Remembering Simon and Garfunkel in Ramanagaram

The wind blew down from the hillock and hissed in my ear: “I am a rock”

A stray spell of sun lit up Ramanagaram’s famous rocks

It wasn’t a winter’s day, as Paul Simon would have had it. But it had rained all night and the morning presented a stipple of sleepy raindrops on our windshield as Arun, Anitha and I arrived in Ramanagaram. It was meant to be just a walk among the rocky hillocks, a stretch of tired limbs away from the restraining roads and crammed pavements of the city. But for me it turned out to be a much-needed meditation.

On rocks. And Paul Simon and Arthur Garfunkel.

The Ramanagara rocks are believed to be some of the oldest granite massifs in the region. Captivating as they are, they have caught the eye of artists and filmmakers. Parts of David Lean’s A Passage to India were filmed here (as well as in Savanadurga, which is not far as the vultures fly). More famously, some of the most dramatic sequences in Ramesh Sippy’s epic Sholay were shot here.

A pool of rainwater had invited a chorusing party of frogs

More recently some bright sparks, inspired perhaps by Mount Rushmore, wanted to carve faces into these hills. It took some irate resistance from concerned citizens to get them to drop the idea. I blanched to imagine the faces of our politicians (would Yeddy be among them?!) defiling the sanctity of this disturbed but still enchanting landscape. Insidiously, a private property has sprung up near Ramadevarabetta, the largest hillock that is crowned by a temple dedicated to Lord Rama.

As we climbed the steps leading up to the temple, we encountered nature’s crafty masque of potential domestic violence at its most gruesome, in which the roles (to my wife’s immense satisfaction) were reversed.

The tiny orange male can be seen on top of the female, whispering his famous last words of courtship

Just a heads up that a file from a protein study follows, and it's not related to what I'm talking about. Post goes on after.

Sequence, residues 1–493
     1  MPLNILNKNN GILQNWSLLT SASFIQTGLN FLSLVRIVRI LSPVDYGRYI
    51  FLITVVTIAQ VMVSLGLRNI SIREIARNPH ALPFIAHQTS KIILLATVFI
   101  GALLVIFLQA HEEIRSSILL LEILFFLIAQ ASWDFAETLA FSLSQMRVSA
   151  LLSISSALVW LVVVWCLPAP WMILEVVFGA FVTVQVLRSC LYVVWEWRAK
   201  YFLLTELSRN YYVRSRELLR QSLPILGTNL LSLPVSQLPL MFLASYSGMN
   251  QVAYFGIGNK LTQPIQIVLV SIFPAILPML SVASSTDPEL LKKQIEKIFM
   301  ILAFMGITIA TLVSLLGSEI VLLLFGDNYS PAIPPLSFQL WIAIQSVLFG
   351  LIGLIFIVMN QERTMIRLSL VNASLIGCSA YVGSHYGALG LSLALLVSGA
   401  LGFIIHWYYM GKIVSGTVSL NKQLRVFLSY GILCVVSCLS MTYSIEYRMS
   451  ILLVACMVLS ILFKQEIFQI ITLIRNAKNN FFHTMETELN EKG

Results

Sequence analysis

At the centre of enormous invisible orbs, evil-looking female giant wood spiders lay in wait for wind-blown prey. Around them, their tiny beaus attempted to seek an opportune moment for an intimate interview, in which they had to move quickly to fertilise her or risk being inducted into her digestive system. Often, male spiders satisfy more than their mates’ lust. The ravenous female is known to devour the male even as she is mating with him. Burp, it would seem, is an equally dangerous four-letter word in arachnid vocabulary.

While the spiders wove their orbs, the cloudy sky began to weave music in my head. While the songs of Sholay were no doubt playing at the back of my companions’ minds, my mind’s ear drifted to Simon and Garfunkel.

Scoured by wind and water, the rock facades betrayed only slightly the grainy lament of untold endurance. As I gazed upon the cliff that had been portrayed as the villain Gabbar Singh’s den, I thought how aloof and forbidding these rocks looked, their bare, naked shanks thrusting skyward out of woolly socks of vegetation at their feet. And yet, they were witness to hopeful love. Vultures of three species nested in their crannies and ledges. Swifts tittered as they circled the outcrops. A pair of Shaheen Falcons courted at the rock’s bald summit.

At the peak of their popularity, Paul Simon and Arthur Garfunkel issued the song “I am a rock”, which was originally from Paul Simon’s Songbook, released in 1965. It is a rare track, not easily found except in thoughtfully arranged compilations. After the duo fell out, their personalities and tender sentiments lived on in their music. 

Poets and songwriters (Simon was both) are often known to treat their own work with scorn, and such was the fate that “I am a rock” suffered when Simon publicly disdained the song. In an interview he said: “It is discomforting, almost painful, to look back over something someone else created and realize that someone else was you.”

The last verse goes thus:

I have my books 
And my poetry to protect me; 
I am shielded in my armor, 
Hiding in my room, safe within my womb. 
I touch no one and no one touches me. 
I am a rock, 
I am an island. 

And a rock feels no pain; 
And an island never cries.

In our everyday battle to win nature back from those who thoughtlessly defile her, these rocks, which have resisted molestation for millennia, shall certainly guide our way. We need to brace ourselves for the future with equal parts tenderness and imperviousness.

And if the song has already started playing in your head, listen on…


Text and photographs by Beej

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